MF Global: The SERIOUS Issues Reach Mainstream Media

As I opined rather quickly when MF Global collapsed, the real risk is not that a futures merchant went under.  Brokerages go under all the time — I went through two “consolidations” after 2000 and in both cases my assets and trading accounts were simply moved over to a new entity.  How “forced” those were is open to some question, but from my perspective I went to bed one day with an account at “X” and woke up with one at “Y”.  Nothing disappeared.

The problem occurs when you wake up and assets have disappeared.  This has become a disturbingly-common pattern of late, from Bernie Madoff to Stanford and now MF.  As Reuters reports:

(Business Law Currents) A legal loophole in international brokerage regulations means that few, if any, clients of MF Global are likely to get their money back. Although details of the drama are still unfolding, it appears that MF Global and some of its Wall Street counterparts have been actively and aggressively circumventing U.S. securities rules at the expense (quite literally) of their clients.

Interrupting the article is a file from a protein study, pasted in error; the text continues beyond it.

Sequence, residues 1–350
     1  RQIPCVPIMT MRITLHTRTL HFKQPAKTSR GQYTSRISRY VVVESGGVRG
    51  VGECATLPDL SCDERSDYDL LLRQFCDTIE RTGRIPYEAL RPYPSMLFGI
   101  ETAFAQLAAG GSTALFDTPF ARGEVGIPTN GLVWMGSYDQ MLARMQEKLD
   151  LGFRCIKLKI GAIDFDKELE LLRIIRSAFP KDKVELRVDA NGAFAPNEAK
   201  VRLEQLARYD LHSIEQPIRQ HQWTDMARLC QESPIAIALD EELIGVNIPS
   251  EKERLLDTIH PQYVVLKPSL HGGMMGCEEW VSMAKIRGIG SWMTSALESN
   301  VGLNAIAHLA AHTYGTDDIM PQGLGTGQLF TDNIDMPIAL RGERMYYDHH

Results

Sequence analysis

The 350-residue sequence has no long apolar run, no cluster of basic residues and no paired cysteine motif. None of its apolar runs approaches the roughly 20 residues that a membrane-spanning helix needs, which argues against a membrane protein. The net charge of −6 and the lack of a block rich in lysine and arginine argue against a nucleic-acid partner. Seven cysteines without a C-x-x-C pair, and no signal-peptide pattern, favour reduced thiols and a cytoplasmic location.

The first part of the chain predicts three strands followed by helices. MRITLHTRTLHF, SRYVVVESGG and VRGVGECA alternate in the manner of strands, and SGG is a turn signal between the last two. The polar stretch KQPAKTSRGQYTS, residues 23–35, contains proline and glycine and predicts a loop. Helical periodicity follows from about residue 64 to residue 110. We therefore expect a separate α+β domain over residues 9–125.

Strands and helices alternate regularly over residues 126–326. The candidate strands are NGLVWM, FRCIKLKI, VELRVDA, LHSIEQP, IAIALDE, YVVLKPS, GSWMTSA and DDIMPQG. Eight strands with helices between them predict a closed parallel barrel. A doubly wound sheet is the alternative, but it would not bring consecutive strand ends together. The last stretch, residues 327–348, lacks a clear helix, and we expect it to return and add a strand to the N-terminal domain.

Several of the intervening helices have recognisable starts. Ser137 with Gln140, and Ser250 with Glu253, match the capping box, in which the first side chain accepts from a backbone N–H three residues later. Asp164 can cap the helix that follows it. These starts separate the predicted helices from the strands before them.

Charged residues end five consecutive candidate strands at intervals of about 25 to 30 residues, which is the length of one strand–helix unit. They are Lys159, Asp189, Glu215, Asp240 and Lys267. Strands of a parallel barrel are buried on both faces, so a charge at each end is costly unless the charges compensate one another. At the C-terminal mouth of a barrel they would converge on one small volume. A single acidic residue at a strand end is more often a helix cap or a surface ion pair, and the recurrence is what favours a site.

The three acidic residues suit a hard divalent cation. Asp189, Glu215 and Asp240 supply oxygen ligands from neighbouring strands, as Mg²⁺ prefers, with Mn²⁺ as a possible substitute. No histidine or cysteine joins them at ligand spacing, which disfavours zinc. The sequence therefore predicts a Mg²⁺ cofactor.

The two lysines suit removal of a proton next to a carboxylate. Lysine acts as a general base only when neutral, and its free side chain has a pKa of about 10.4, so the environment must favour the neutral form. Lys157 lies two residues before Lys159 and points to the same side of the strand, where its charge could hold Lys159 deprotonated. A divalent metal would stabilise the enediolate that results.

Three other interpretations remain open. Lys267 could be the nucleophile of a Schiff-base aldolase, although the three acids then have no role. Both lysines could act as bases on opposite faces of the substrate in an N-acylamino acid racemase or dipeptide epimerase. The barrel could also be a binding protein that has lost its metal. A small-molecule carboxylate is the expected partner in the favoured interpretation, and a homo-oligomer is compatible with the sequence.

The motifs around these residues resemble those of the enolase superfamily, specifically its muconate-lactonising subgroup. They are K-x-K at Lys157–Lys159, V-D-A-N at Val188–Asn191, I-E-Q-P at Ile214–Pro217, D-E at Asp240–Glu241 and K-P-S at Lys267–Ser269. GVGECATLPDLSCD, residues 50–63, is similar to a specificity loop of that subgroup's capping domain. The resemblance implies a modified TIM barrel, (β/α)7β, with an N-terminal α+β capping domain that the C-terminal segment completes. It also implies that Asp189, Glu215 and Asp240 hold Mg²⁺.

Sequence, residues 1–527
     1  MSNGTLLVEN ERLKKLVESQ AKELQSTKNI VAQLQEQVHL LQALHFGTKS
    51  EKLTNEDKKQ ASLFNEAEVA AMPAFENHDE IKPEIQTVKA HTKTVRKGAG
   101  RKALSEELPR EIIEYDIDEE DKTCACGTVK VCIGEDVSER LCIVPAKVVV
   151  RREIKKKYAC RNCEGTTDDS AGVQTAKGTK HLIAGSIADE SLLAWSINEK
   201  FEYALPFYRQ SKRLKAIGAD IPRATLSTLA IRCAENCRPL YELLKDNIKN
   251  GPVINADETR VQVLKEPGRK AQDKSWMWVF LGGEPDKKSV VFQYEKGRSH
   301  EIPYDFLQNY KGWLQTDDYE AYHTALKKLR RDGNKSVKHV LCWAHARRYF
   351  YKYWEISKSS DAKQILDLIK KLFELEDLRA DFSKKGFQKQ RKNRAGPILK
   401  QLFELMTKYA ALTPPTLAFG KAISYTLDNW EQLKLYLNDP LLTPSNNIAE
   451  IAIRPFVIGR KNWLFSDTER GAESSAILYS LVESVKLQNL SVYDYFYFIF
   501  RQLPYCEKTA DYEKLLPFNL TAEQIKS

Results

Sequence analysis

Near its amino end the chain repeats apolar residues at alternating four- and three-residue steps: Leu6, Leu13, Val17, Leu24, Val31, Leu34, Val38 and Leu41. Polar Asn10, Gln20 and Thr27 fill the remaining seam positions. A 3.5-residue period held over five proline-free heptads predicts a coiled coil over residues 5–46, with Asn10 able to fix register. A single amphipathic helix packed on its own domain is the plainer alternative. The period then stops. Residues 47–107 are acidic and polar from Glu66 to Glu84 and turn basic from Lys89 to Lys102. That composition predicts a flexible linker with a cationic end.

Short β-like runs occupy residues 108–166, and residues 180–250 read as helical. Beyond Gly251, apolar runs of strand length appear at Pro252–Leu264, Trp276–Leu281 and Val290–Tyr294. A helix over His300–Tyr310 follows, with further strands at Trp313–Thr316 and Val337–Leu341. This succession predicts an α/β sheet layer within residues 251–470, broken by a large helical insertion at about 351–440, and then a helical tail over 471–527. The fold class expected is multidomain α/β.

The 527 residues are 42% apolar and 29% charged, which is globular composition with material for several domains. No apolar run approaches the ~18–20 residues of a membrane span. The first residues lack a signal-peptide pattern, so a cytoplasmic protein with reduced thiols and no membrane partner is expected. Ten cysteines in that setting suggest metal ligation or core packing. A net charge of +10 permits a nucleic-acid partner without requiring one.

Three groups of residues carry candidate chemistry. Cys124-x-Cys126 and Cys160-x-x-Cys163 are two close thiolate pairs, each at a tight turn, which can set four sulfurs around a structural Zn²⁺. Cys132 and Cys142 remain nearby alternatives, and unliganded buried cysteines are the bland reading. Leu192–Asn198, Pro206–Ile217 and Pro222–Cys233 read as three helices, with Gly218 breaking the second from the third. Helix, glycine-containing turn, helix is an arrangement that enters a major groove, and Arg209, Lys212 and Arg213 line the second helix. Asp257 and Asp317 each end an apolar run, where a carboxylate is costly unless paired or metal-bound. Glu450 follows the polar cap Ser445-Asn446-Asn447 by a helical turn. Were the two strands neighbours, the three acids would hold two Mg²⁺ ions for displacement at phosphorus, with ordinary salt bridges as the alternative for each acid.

MF Global’s bankruptcy revelations concerning missing client money suggest that funds were not inadvertently misplaced or gobbled up in MF’s dying hours, but were instead appropriated as part of a mass Wall St manipulation of brokerage rules that allowed for the wholesale acquisition and sale of client funds through re-hypothecation. A loophole appears to have allowed MF Global, and many others, to use its own clients’ funds to finance an enormous $6.2 billion Eurozone repo bet. 


What most people don’t understand is that when you open a brokerage account you allow your assets to be used to “borrow, pledge, repledge, transfer, hypothecate, rehypothecate,loan, or invest any of the Collateral